Thursday, December 22, 2005


You couldn't tell by me, the trains seem just as crowded with just as many folks of all ages - though now that I think of it there seem to be fewer infants around than there were 20 years ago, which on a crowded train is definitely not a bad thing...

Don't look now, but at any minute, for the first time in a century, fewer people in Japan are being born than are dying. These days there just seems to be less general interest in those two types of experience. Which brings us to the aging society, with Japan once again the world's canary in a coal mine, entering a new realm before anyone else, and with yours truly pretty much up there in the local silver vanguard, looking for the champagne bar.

I have been a senior citizen for some time now, having climbed from the slough of mere youth to the promontory of age, step by hard-won step. I have done and have been doing my part, but others younger than myself clearly have not. As a result, just about now Japan's population is officially declining, but believe me, I'm not complaining. I rode Tokyo's Yamanote line at rush hour in the 1970s.

As to said decline, I myself may be declining, but nevertheless it seems to me that Japanese society could do a lot better with wisdom at the helm than some upstart knowitall whippersnappers fresh out of the classroom who can't even add to the population. Life experience is what we need, clear-eyed, reading glass-wearing folks up there in positions of party leadership who have experienced life, who know how to bring fine wines to the masses, create a department of rock and roll, swear in a secretary of sexuality, break down a few fences, change quite a few stodgy rules and eliminate even more others that get in the way of a good time to be had by all 24/7 nationwide.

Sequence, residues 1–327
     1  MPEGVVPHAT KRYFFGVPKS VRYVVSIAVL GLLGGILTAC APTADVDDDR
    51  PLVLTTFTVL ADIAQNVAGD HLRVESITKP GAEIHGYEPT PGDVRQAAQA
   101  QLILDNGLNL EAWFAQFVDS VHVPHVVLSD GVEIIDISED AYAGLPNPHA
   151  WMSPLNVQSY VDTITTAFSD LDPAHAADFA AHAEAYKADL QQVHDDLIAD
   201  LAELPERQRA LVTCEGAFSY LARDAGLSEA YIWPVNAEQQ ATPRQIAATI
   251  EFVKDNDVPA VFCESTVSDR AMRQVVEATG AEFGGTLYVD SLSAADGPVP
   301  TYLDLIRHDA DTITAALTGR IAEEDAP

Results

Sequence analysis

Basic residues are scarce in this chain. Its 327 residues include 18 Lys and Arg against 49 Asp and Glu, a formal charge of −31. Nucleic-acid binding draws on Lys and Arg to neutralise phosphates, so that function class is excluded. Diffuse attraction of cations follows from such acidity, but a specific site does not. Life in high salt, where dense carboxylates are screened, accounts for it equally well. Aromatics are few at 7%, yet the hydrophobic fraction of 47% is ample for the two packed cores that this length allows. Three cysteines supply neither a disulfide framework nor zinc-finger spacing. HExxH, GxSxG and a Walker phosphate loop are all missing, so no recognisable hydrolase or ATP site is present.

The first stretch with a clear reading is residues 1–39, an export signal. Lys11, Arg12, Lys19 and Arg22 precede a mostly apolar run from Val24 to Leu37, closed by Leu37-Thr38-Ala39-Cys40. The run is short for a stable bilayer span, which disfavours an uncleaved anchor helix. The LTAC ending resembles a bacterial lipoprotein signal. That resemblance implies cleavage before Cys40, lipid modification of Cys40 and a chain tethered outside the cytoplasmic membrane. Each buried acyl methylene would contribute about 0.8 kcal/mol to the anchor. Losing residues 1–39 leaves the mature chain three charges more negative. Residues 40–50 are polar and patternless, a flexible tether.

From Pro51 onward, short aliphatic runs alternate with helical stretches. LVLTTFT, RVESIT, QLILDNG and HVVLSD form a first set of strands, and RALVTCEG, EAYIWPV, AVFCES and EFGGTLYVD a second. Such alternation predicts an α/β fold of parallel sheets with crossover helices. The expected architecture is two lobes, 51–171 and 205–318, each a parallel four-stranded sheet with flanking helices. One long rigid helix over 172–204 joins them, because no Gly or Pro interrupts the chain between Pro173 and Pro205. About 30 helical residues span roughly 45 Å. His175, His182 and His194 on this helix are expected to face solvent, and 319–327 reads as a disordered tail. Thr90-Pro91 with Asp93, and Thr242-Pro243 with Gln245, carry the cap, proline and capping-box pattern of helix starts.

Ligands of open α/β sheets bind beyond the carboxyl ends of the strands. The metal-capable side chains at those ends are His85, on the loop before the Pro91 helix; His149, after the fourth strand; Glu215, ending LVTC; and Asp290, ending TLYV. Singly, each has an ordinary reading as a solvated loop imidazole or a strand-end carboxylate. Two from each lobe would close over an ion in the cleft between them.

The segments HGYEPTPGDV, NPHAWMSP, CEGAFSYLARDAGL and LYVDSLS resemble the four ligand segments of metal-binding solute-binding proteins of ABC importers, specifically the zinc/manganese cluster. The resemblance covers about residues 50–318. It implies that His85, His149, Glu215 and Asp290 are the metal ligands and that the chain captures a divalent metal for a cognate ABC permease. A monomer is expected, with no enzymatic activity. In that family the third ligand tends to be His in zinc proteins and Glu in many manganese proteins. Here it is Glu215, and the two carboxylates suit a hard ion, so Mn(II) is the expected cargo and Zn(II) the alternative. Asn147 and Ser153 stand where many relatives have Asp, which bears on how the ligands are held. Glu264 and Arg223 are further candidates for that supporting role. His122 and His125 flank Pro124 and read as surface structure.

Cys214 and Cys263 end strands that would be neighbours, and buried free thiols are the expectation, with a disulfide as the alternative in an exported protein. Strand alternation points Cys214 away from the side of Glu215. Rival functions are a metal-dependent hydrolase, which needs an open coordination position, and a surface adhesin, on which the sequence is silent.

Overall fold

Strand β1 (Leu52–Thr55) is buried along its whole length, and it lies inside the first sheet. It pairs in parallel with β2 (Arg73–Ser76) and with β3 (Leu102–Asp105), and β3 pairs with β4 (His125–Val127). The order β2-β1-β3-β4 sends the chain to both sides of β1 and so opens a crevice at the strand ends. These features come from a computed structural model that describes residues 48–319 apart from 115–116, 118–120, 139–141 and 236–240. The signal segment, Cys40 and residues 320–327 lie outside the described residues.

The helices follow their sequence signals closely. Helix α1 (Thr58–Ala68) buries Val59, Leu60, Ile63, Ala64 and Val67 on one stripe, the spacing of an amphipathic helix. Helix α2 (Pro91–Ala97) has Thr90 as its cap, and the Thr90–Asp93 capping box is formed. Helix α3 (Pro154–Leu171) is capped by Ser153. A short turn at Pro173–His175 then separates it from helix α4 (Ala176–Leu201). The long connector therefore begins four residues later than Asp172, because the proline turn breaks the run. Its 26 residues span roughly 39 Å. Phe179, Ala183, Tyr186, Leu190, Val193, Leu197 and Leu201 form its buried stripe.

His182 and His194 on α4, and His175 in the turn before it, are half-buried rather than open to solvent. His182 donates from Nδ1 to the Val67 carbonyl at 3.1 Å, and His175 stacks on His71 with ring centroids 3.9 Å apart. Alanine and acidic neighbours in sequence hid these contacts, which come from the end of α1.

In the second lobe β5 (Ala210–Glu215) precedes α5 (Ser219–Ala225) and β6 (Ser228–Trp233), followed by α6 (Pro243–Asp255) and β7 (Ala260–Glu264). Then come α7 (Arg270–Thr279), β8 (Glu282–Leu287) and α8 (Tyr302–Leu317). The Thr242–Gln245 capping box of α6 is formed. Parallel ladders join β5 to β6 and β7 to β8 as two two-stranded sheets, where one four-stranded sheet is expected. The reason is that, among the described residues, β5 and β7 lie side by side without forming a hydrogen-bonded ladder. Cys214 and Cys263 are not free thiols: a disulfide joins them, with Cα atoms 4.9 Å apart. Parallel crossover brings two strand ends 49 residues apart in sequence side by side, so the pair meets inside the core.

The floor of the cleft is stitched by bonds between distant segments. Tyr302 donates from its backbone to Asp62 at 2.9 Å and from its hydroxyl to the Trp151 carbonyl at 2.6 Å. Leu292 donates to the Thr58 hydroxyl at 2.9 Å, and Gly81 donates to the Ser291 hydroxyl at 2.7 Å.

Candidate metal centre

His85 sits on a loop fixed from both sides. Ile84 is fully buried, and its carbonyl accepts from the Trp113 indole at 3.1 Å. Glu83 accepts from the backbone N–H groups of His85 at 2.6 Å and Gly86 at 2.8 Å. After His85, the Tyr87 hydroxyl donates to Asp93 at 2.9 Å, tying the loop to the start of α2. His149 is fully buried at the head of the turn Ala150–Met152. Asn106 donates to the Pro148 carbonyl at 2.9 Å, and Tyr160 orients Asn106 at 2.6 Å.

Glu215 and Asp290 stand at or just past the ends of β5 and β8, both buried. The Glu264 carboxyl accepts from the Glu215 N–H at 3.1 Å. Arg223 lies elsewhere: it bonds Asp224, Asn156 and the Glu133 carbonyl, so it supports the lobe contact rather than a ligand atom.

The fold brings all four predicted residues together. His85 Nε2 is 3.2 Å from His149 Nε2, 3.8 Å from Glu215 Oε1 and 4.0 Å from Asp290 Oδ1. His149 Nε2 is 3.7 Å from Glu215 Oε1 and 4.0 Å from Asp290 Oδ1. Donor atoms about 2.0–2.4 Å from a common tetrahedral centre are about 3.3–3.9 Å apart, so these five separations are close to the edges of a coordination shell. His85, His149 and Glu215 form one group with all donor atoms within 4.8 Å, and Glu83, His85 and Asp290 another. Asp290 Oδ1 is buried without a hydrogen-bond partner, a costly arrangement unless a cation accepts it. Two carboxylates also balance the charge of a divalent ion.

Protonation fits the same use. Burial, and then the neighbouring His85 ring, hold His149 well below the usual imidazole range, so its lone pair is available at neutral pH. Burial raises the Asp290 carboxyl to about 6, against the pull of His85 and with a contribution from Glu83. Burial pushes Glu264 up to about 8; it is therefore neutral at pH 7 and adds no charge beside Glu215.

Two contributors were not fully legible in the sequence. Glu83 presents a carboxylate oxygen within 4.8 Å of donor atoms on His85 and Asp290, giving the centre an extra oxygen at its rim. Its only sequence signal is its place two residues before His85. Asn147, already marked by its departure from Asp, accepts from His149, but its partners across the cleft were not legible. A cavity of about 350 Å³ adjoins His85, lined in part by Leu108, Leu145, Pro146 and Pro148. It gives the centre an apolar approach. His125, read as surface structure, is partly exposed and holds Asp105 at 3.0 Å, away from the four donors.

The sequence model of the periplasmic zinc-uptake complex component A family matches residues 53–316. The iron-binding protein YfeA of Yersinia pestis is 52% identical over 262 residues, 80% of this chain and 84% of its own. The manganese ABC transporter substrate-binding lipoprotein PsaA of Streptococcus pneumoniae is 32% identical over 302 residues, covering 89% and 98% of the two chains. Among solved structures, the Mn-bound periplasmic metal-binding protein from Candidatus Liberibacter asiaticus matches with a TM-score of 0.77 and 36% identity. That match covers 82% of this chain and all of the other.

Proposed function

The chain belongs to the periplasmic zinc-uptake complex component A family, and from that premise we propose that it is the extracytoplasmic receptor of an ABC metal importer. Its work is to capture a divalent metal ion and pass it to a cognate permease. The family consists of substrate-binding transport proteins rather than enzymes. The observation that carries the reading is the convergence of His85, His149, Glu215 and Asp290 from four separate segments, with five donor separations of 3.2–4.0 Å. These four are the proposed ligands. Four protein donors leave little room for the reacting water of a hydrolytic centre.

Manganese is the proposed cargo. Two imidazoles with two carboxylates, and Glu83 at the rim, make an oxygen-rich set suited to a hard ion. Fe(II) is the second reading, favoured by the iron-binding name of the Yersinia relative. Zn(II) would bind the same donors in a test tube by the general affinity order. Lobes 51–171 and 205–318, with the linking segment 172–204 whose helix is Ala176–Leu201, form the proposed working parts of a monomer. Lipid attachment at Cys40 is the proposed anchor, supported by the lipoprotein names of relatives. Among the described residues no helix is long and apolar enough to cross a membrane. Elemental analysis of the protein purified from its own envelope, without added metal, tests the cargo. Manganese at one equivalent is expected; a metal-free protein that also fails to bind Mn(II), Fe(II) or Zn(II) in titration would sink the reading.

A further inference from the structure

It's called the Silver Surfer Party. Bring a date.


A long time ago I read an interview of Daisuke Inoue (Osakan inventor of the karaoke machine, which he failed to patent), in which when asked if he regretted the loss of all the billions that never came to him as a result, he replied that it was better he never had all that money, because he would have lost it for sure, and that would have been worse. Can't find that interview, but here's a good take on a very interesting character (who, in my opinion, did not deserve the Ig Nobel Prize, though characteristically he enjoyed receiving it).

Wednesday, December 21, 2005


As a veteran scavenger I love fleamarkets, and today we visited one of the best fleamarkets in the world, the one held on the 21st of every month at Toji temple in southwest Kyoto, that stands beside what was once site of the famous Rashomon. (Another of the world's best fleamarkets is the one held on the 25th of each month at Kitano temple.)

I haven't been to Toji since we moved from Kyoto, and what a wonderful madhouse it still is. Since we had other errands to do in Kyoto, we went by car, which is not a good idea if you want to find parking within several kilometers of Toji at the same time as most of the population (when we lived in Kyoto, we went everywhere by bicycle).

We drove around for quite a while until we got smart and got in line at a nearby parking lot, then had 2 hours to wander among the stalls that were selling antiques and (make a list of every thing you can think of other than appliances and vehicles): among the many other things, full-grown trees, huge garden rocks and bonsai. Old saxophone? Hot dog? Used kimono? Coffee-coated almonds? Seven spice mix? Hair nets? Woodblock prints? Bronze dragons? Amber? Jade? Old coins? Massage? Palmistry? Edo toys? Tools?